Saturday, January 23, 2010

New Years Resolution?

Is that new years resolution to get fit going well? If this sounds like you this next tutorial is right up your ally!!

Sweater Revamp!!
So I have this sweater...

I kind of think its icky! It is not made of very nice fabric, all the edges are nasty and as you can see the back is longer than the front. And if you think about that, having the back longer than the front is only going to be exacerbated on a lady... ya. So I just bought a cute v neck ruffle tee shirt from j crew and two amazing v neck sweaters at the Gap. So I thought I am going to make this sweater into a V neck, they look better on me anyway. But while I was messing with it, I also decided I would spruce it up a little more. THis sweater is TOO big now. It is stretched out and doesn't fit any more. So for part one of this tutorial I will be showing you how to bring in a sweater and create a more slim fit! Perfect if you have been hitting the gym as part of your New Years Resolution.

  • Sweater
  • Sewing machine- need to use either a zigzag stitch or an over lock stitch
  • Scissors
  • Matching thread
  • Measuring tape or ruler
  • Safety Pin
  • Washable marker- something non permanent to draw on your sweater with
One tip to start- you are going to get a better fit if you are willing to try the sweater on every once and a while in this project. To make this project go faster wearing a tank top so you can just throw on the sweater, is ideal.

To start try on your sweater. You want to take off even amounts from both sides so pull the sweater away from your side and measure how much you want to take off from each side. I took off an inch on both sides of my sweater. Any time I mention an inch just insert how much you are taking off your sweater or tee.

Next turn your sweater inside out and lay it out in your work area. I put a safety pin where I wanted to go in. I did not slim the sweater through the bust, only the torso.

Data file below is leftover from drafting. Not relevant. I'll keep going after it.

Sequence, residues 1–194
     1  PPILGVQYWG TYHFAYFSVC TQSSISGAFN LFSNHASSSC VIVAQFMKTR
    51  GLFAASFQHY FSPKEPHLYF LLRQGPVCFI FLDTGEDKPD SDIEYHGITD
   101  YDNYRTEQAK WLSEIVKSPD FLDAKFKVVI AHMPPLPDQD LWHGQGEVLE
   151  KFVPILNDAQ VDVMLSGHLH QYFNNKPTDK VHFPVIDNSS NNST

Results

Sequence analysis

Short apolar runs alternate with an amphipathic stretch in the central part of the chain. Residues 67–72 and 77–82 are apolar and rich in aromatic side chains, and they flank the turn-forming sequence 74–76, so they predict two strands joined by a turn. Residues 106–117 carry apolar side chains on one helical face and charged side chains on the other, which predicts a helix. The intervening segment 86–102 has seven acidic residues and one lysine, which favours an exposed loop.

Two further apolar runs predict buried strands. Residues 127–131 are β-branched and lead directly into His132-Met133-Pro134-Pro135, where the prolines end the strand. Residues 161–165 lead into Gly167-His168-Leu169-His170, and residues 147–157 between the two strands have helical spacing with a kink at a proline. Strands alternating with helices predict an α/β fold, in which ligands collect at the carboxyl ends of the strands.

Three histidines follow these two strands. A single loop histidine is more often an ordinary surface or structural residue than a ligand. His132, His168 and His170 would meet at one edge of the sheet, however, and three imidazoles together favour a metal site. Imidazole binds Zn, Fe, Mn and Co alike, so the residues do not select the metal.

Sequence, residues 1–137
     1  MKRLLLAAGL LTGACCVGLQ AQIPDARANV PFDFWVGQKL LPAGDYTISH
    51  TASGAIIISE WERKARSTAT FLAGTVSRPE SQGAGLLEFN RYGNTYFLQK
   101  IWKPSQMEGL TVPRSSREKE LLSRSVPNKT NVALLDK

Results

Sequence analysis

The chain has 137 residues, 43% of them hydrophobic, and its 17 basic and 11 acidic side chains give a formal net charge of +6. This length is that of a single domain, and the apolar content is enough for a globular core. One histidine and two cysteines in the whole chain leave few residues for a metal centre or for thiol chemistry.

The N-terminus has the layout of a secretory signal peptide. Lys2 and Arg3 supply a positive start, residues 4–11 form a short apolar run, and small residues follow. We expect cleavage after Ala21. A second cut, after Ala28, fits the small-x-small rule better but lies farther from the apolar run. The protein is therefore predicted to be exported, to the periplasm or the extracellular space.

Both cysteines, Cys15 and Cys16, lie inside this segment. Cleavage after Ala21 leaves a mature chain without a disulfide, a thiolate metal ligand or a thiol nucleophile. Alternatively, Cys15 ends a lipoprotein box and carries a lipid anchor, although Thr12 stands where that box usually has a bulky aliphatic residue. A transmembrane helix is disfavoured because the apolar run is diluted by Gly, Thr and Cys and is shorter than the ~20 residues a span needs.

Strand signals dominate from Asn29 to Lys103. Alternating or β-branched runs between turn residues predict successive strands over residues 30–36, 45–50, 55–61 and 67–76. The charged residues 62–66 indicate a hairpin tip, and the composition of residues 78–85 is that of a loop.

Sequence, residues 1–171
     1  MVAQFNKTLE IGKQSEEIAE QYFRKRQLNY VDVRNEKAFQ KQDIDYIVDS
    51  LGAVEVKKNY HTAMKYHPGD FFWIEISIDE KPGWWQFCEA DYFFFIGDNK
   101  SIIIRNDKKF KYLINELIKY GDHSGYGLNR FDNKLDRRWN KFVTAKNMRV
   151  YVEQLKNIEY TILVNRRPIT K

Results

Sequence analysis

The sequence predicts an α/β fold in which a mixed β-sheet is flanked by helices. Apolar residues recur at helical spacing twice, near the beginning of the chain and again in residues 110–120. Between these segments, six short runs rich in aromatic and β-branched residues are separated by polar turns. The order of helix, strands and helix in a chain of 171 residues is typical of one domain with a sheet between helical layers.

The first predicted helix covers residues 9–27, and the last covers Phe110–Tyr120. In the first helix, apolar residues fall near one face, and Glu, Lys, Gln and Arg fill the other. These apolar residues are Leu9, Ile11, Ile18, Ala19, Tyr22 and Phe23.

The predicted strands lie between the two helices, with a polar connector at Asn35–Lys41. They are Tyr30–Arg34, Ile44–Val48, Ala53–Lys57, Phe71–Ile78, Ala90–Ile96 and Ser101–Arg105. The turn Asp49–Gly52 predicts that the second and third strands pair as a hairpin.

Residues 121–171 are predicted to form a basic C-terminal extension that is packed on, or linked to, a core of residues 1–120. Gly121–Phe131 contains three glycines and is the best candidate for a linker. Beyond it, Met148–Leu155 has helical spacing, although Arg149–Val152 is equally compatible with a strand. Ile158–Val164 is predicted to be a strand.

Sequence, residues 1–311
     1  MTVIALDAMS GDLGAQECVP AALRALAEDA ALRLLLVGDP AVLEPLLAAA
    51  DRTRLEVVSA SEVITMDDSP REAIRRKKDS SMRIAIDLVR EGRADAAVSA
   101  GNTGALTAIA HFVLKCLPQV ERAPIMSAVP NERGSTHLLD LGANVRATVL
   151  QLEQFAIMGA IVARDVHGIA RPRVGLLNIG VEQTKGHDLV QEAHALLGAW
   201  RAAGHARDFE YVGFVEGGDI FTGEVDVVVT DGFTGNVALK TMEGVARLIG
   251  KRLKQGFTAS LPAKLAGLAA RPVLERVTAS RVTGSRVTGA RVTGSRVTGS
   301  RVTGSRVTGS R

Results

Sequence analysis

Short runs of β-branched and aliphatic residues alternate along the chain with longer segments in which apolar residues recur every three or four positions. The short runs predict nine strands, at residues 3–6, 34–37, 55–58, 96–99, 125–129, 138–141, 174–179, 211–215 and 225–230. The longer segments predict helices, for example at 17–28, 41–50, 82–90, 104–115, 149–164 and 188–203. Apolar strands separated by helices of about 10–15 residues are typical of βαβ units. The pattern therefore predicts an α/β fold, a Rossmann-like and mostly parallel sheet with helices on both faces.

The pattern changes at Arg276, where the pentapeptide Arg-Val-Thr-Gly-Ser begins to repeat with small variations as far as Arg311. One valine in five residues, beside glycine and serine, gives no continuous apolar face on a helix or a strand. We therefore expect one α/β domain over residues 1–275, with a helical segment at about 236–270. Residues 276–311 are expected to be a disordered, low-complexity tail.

Next you want to measure an inch out from the current seam. I used an erasable marker to draw what will become my new seam.
I drew right along my straight edge until the safety pin.

Once you get to your safety pin draw a diagonal line that meets up with the original seam. You can see my line 2 pictures up. Now just sew up your line! You have a couple choices here depending on the fabric of your shirt. Mine was part sweater part jerseylike tee shirt. What worked for me was using a zigzag stitch on my line, then cutting and then using an over lock stitch on the raw edges.

Here is what my zigzag looked like before I started cutting.

However I think it would also work well to use an over lock stitch and then cut very carefully right next to you line. If you choose this method make sure you don't pick an over lock stitch where the needle has to miss the edge of the fabric. If the fabric of your shirt does not fray you can skip this and just do the zigzag. If you want to clean up the raw edges then do an over lock stitch. I really all depends on the fabric. However I did both and then trimmed after the over lock stitch.

After sewing up the sides try on your shirt again. Is the fit ok? Maybe you want to make it smaller. Here is your chance to make another line. If you need to go in further be aware that you have to be willing to make the new line at least a half to a quarter inch further in so the old line will get cut off. Remember that is on both sides!! So try hard to get your line right first, or if you want to experiment baste the lines first and try on your sweater.

After my over lock stitch and trim

Turn your revamped sweater right side out and press the new seams. Where the safety pin was will be a little funny but if looks fine after it its ironed. Well isn't that swell, an old sweater is good to go once again!

Part 2, where this sweater becomes a V neck, won't be for a while since I left this sweater in Seattle with the sewing machine...

...and to end, a fun picture of my kitty, Emily all wrapped up in my bed...

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